Wednesday, May 23, 2007

Friday May 23

In these my darkest
days, to relieve my
monotony, the Kempel
boy from next door, sleeps
with me nightly in my

There can be no greater
devotion from a father than
that of my own whom I lost
He showed me the right
path of life, how to help fellow
humans and the mental
satisfaction we get out of it
He was the wisest of the men
in Israel,

Had he lived in Israels prime
he would have been an out-
standing figure


Matt's Notes

The pendulum swings the other way. Yesterday Papa questioned whether his father's capacity for caring and tenacity was really just a propensity for worry and endless struggle; he wondered, in a dark moment, whether his beloved father's legacy was a blessing or a curse. Today, as if to make up for this lapse, Papa casts his father in almost biblical terms, compares him to the wisest men of Israel and extols his superhuman devotion.

In the emotional crucible of mourning, people indulge themselves in all sorts of behavior because they are allowed to and cannot help themselves. This behavior, the face revealed when all defenses are down, tells a lot about about the mourner's true character, and, when someone has lost a parent like Papa just had, even more about the mourner's inheritance. So we ask: How will he pay tribute? What has he learned from the parent? Will he act selfish? Caring? Helpless? Furious? In Papa's case, the thread running through his mourning tribute is devotion to his father's belief in altruism, the power and resiliency people get from helping "other humans." He does not waver on this principle, and it keeps him steady, as it would for the rest of his life, even though it did not necessarily prevent him from struggling with bouts of sadness.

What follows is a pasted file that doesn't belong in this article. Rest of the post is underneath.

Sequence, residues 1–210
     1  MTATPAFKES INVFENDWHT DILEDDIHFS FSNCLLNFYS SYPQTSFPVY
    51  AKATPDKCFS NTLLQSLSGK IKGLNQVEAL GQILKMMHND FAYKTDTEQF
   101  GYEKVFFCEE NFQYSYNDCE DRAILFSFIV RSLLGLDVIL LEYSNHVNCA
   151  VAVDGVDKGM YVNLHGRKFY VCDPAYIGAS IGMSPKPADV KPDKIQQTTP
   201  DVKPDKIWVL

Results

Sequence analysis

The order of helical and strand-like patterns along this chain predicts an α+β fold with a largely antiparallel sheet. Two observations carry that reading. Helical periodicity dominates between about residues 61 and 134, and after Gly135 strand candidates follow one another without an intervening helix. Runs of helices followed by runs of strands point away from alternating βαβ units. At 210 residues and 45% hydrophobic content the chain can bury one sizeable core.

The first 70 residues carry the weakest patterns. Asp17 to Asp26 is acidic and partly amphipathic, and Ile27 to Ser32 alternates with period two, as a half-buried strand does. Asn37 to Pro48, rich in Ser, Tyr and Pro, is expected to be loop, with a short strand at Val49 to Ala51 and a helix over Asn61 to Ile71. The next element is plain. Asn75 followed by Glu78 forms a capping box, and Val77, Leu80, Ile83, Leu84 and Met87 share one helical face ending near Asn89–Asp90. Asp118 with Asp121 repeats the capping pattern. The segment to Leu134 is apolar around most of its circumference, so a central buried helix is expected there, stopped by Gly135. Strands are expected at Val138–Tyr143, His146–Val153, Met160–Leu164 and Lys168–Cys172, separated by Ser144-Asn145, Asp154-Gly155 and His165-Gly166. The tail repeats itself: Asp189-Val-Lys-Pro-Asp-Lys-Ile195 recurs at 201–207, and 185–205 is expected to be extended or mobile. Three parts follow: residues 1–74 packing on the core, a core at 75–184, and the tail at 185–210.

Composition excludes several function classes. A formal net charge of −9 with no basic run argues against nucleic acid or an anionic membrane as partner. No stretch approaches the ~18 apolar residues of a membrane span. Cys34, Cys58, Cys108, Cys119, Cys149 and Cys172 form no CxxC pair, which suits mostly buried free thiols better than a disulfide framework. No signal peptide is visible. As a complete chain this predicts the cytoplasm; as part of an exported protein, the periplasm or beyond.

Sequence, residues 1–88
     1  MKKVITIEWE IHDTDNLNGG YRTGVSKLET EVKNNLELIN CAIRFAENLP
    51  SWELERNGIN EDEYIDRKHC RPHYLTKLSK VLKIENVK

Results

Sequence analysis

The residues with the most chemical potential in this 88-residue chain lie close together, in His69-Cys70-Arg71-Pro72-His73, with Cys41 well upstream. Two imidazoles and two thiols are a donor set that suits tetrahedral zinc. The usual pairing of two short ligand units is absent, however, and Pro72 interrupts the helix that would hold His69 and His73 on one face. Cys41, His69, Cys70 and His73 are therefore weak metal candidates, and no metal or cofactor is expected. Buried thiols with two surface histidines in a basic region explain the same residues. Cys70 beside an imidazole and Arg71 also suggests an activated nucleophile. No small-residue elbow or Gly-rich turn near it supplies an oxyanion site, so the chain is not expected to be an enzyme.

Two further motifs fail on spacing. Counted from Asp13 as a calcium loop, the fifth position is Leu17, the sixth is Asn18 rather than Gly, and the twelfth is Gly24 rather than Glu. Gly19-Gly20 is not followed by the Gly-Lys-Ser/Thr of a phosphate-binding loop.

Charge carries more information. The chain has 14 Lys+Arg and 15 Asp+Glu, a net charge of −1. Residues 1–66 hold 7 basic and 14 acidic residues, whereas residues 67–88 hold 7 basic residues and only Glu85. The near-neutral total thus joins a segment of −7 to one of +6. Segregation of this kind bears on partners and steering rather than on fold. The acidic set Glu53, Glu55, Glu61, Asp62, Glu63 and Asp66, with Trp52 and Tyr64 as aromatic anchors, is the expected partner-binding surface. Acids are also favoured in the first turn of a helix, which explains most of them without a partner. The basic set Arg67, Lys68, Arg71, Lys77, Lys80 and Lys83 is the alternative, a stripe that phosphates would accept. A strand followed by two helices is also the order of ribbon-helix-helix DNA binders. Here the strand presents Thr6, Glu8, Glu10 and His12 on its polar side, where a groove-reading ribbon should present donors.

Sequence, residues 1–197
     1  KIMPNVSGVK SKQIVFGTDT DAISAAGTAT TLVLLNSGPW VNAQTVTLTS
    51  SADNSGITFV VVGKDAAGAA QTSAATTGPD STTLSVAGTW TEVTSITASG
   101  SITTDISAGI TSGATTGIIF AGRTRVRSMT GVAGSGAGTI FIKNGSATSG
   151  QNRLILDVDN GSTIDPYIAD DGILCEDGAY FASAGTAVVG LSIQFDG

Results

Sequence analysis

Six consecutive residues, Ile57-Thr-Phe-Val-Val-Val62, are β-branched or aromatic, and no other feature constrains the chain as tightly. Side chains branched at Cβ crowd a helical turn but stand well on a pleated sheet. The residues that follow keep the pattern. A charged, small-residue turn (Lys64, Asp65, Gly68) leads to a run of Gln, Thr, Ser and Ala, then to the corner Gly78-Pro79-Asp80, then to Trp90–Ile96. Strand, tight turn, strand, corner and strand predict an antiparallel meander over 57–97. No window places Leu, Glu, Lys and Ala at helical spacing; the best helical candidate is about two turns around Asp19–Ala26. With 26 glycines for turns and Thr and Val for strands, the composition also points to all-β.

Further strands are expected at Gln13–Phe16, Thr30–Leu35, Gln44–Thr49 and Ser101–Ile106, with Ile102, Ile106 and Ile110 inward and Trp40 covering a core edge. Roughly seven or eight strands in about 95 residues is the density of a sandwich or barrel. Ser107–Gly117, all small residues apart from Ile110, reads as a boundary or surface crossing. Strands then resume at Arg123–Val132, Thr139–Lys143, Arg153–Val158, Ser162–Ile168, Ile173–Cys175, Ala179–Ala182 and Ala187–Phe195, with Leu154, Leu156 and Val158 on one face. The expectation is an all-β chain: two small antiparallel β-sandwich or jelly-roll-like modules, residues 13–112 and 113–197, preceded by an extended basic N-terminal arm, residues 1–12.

Speaking of sadness, I think Papa's description of how the "Kempel boy from next door" slept in his room during this period may be one of the most difficult, deeply sad moments in Papa's diary thus far. Papa has demonstrated on many occasions his tendency to get deeply depressed and feel hopelessly lonely when alone in his rooms. I think this depressing loneliness was rooted, to a great extent, in his chronic, incurable homesickness, and it must have become nearly unbearable in the wake of his father's death. And while I'm sure the Kempel boy was happy to stay in Papa's apartment (his parents must have offered since the boy probably shared a bed with half his family under normal circumstances) the thought of Papa resorting to a child's company for want of any other solace is so melancholy it practically defies description.